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The Unique Aspects of Growing Wine Grapes in Connecticut

 

The Unique Aspects of Growing Wine Grapes in Connecticut

Posted by Dawn in On the Vine Newsletter

Growing grapes requires maintenance and attention, and the results are often highly dependent on the extent of preparation and attention to detail.  While knowing what to do and practicing the right steps can help improve results, there are some factors in the world of winemaking that are simply out of growers’ hands. 

In many regions of the world, such as California and the Mediterranean, the environment is highly conducive to viticulture. However, some degree of consistency is necessary for good grape production, and unpredictable temperature fluctuations or precipitation can wreak havoc on crops.  

While they have experienced tremendous success as a whole, growers in New England regularly face issues that those in California or Italy seldom have to deal with. While wine tastings and tours are exciting in their own right, understanding how vintners overcome these obstacles help individuals comprehend what makes an ideal product.   

Unpredictable Summers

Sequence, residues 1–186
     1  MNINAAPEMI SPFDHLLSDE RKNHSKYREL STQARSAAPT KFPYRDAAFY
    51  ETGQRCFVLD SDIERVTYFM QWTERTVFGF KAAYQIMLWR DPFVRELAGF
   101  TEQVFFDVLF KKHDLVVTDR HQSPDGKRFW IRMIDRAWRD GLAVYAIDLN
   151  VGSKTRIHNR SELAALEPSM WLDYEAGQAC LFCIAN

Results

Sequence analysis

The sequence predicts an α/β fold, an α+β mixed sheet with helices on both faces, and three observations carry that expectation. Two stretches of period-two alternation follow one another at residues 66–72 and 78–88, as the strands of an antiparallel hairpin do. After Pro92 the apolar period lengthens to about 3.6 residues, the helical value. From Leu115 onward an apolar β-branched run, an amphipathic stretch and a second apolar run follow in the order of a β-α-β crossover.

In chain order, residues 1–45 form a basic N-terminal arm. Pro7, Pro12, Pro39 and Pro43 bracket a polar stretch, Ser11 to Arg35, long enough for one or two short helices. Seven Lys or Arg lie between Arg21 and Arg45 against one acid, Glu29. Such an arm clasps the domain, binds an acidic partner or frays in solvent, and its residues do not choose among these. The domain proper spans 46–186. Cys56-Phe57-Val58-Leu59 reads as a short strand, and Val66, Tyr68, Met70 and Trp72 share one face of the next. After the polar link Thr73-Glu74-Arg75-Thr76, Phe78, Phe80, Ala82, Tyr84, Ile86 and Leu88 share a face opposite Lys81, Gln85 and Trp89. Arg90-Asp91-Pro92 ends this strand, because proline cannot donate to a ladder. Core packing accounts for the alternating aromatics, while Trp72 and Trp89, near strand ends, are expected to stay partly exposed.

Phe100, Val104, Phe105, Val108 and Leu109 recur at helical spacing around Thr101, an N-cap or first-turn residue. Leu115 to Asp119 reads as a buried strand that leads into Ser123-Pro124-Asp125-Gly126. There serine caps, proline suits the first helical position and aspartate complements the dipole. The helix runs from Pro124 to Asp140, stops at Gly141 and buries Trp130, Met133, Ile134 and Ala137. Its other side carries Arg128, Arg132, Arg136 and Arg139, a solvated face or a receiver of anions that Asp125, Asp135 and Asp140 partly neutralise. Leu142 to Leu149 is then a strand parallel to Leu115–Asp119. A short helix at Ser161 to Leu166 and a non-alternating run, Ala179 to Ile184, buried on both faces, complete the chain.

For the highest degree of control, vintners need relatively consistent and predictable temperatures throughout each season. Summers in Connecticut are usually warm and humid, but sudden storms are frequent, and temperatures can drop sharply with little notice. Often, unexpectedly cool or wet summers mean grape plants fall prey to mold and mildew. Keeping grapes somewhat dry is crucial, and frequent summer rainstorms can prevent fungicide from doing its job and lead to mold or mildew, forming and damaging the harvest. As such, optimal summer weather for New England wine is infrequent rain and consistently warm temperatures. 

Extreme Cold 

Winegrowers in Napa Valley and the Mediterranean rarely have to face bitter coldness in the winter. Some drop in temperature should be expected every season, especially in New England, but too much exposure to low temperatures can destroy grapevines.   

During winter in Connecticut, grape plants and their vines are frequently freezing, thawing, and refreezing. The strain caused by this freeze-thaw cycle can cause the trunks of exposed grapevines to expand and split. This process results in a vine that is now much more vulnerable to bacteria and fungal infections, compromising its health if unaddressed.  

How Do They Still Do It? 

With all these challenges, it’s truly amazing that so many great wines come from New England every year. Growers in these areas are used to overcoming obstacles and have developed hybrid grapes that are suited to thrive in harsh conditions. Grape varieties like Frontenac, La Crescent, and Marquette have already been proven in the Great Lakes region as well as Canada, and are therefore popular among New England growers.

Visit Jonathan Edwards Winery to learn more about tastings, tours, and wine club subscriptions in New England.

27 May 2020 no comments

 

 

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